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#8 Miracle At St Anna

The most overlooked and underappreciated war film that you never hear talked about, this masterpiece revolves around the unsung heroes of World War II that have never gotten their proper recognition. In fact the very basis of the film was deemed somewhat controversial, as Lee had previously criticized Clint Eastwood for his lack of black representation in his celebrated films Flags for our Fathers and Letters from Iwo Jima, which Eastwood described was only an issue of accuracy while essentially dismissing Lee as a crybaby and a propagandist. Thus the burden was on Lee to provide some legitimacy to his claims, in which case he puts forth a blend of truth and fiction that doesn’t necessarily validate his criticism of previous portrayals of the war, however it does offer an awareness of additional stories untold through the medium of an epic film that is undeniable.

Based on a novel written by James McBride of the same name, this film highlights the efforts and sacrifices made by the 92nd Infantry Division also known as the Buffalo Soldiers, who served in Italy during the mid 1940’s amidst great resistance from the enemy as well as their allies. Extensive research was done by McBride who was appropriately hired to write the screenplay, as authentic portrayals of events is evident throughout the film, highlighted by key moments such as the Sant’Anna di Stazzema massacre where 560 civilians (130 children) were murdered on a single day. That particular tragedy was filmed on location in Tuscany, Italy, adding an apparent sense of realism to the horror along with the opening battle scene that was shot on the Serchio River. Additional filming took place in Rome for a month, providing a certain aesthetic that is visible throughout the film, with cinematography from Matthew Libatique and Ernest Dickerson that arguably makes it the most beautiful motion picture from Lee’s entire catalogue.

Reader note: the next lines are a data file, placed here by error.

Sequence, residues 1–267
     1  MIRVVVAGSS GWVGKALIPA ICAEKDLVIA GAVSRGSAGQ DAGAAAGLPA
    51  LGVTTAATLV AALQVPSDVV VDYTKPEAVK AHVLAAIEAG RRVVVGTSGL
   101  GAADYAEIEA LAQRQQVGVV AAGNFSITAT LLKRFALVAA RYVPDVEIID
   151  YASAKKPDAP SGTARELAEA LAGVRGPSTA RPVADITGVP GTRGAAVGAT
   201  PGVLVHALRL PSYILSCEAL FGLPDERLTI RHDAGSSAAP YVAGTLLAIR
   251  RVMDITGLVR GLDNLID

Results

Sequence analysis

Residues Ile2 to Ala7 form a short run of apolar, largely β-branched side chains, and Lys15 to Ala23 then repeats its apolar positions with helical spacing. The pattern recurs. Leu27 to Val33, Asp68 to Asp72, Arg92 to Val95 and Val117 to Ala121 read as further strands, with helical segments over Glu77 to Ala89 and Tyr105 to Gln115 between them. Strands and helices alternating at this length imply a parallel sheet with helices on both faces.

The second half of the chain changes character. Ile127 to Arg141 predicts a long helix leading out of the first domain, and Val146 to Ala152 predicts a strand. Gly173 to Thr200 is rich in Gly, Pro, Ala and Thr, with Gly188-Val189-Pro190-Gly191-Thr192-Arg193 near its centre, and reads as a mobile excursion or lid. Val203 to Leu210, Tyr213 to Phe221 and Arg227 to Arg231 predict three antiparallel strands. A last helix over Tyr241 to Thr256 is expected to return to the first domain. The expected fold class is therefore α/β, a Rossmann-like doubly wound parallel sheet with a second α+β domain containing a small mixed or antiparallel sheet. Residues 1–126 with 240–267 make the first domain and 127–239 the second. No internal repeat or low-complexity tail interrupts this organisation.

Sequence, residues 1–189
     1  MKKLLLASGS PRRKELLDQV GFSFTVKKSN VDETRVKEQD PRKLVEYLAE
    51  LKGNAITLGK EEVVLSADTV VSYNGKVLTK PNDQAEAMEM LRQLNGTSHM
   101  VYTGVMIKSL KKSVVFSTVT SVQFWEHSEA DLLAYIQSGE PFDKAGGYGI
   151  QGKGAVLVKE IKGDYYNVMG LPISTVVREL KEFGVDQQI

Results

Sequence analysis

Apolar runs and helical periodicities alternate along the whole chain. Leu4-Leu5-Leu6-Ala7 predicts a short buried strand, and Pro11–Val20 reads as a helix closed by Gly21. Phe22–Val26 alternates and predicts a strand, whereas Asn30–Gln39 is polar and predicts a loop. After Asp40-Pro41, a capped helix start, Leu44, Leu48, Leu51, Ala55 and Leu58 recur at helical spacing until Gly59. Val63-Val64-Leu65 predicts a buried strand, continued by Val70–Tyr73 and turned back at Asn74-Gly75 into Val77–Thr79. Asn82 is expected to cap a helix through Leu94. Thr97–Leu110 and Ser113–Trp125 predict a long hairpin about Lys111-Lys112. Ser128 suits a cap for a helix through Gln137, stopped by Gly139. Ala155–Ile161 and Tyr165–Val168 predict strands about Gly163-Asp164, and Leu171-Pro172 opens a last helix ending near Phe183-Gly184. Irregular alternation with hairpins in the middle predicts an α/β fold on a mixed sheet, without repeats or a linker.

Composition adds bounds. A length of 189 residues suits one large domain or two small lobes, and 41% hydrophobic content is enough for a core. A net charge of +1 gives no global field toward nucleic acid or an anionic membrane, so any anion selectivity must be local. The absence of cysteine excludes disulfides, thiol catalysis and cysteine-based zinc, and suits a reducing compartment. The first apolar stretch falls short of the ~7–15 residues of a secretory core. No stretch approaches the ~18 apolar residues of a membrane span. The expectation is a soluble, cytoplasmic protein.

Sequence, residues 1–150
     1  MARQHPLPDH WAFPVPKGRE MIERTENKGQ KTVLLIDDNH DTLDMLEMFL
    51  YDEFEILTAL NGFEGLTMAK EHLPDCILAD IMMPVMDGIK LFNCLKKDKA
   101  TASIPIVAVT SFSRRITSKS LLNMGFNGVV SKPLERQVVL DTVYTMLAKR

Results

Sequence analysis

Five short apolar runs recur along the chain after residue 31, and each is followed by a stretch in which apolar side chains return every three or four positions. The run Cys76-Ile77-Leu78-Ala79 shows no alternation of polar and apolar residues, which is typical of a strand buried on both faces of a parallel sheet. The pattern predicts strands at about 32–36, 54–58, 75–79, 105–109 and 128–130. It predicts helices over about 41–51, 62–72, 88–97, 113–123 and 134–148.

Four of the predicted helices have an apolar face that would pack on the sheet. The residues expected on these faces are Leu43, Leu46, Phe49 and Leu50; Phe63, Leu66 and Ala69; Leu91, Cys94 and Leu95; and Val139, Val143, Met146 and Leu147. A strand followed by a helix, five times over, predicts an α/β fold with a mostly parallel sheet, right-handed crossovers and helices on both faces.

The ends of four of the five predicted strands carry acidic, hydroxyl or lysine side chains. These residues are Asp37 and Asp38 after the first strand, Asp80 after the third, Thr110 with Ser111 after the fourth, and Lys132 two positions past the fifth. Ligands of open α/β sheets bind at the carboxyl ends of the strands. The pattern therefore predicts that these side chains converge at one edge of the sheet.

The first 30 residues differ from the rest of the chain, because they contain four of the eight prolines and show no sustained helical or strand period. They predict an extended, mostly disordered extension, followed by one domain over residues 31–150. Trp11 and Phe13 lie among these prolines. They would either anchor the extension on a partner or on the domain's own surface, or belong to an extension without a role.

Yet just as powerful as the historical elements in the film are the fictional components told through the story of our four leading men, played admirably by Derek Luke, Michael Ealy, Laz Alonso, and Omar Benson Miller, the latter of whose performance as a soldier with an impaired intellect took a few viewings to fully appreciate. Nonetheless these four Buffalo Soldiers become abandoned in enemy territory where they are fortunate enough to get assistance from local villagers, one of whom is an attractive young woman played by Valentina Cervi who becomes intertwined in a love triangle with Luke and Ealy. As it turns out those moments of conflicted romance are one of the film’s finest qualities, as Luke’s chivalry is rejected in favor of Ealy’s arrogance, causing a rift between the men at a time where only their loyalty to each other could keep them alive. In these particular scenes Lee gets the most out of his actors, as Luke’s heartbreak is incredibly subtle but intense, and almost symbolic as if good men weren’t likely to find good fortune in the face of so much evil. Yet Luke’s steadfast demeanor is important to note as well, as in the face of disappointment he never wavers from the task at hand; emblematic of the perfect soldier that is deserving of the highest honors from his country, the type of soldier that history should have never overlooked or ignored.